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    The key there is "I think". Measure it - profile your code and be sure. You might be surprised by the outcome. – duffymo Jul 31 '11 at 14:51
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    @KerrekSB Quadratic convergence means, roughly, that each iteration the number of digits of accuracy doubles. Eg., iteration 1 error has 0.1, iteration 2 has error 0.01, iteration 3 has error 0.001, iteration 4 has error 0.00001, iteration 5 has error 0.000000001. – Nick Alger Jun 27 '16 at 9:18

As a general rule of thumb: Both floating point division and square root are considered as slow operation (compared to fast ones like addition or multiplication). Square root can be expect to be approximately the same speed or somewhat slower (i.e. approx. 1x - 2x lower performance) compared to a division. E.g. on Pentium Pro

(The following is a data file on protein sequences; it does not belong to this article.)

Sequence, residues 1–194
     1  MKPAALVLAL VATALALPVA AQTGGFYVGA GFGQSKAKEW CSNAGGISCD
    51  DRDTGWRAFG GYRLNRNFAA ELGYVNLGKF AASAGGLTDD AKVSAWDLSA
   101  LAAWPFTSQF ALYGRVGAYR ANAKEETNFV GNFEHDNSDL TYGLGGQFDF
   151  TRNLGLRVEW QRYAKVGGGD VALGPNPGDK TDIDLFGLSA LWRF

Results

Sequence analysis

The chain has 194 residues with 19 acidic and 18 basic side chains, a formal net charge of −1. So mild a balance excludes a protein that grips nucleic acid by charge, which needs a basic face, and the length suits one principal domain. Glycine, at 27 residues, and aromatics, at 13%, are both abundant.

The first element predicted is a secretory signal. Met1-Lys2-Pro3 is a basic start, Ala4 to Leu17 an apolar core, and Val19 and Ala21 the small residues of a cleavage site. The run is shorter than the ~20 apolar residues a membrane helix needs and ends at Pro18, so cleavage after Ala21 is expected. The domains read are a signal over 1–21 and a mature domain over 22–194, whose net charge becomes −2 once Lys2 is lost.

Division and square root have a latency of 18 to 36 and 29 to 69 cycles, respectively

To get more accurate answer, you need to dig into architecture manual for your platform or perform a benchmark.

Note: many modern platforms also offer inverse square root, which has the speed approximately the same as sqrt, but is often more useful (e.g. by having invsqrt you can compute both sqrt and div with one multiplication for each).

  • For sandy bridge from intel both operations take exactly the same time . So, now, sqrt is not 2x slower than div – osgx Jul 30 '11 at 16:36
  • OK. Adjusted. It would be possible to include exact timings for many platforms, but I think the question wants to have just a "gut feeling", in the rare situations you really need exact data it is more important to know where or how you can get them. – Suma Jul 30 '11 at 16:47
  • Two exact examples give some feeling to me. – osgx Jul 30 '11 at 16:50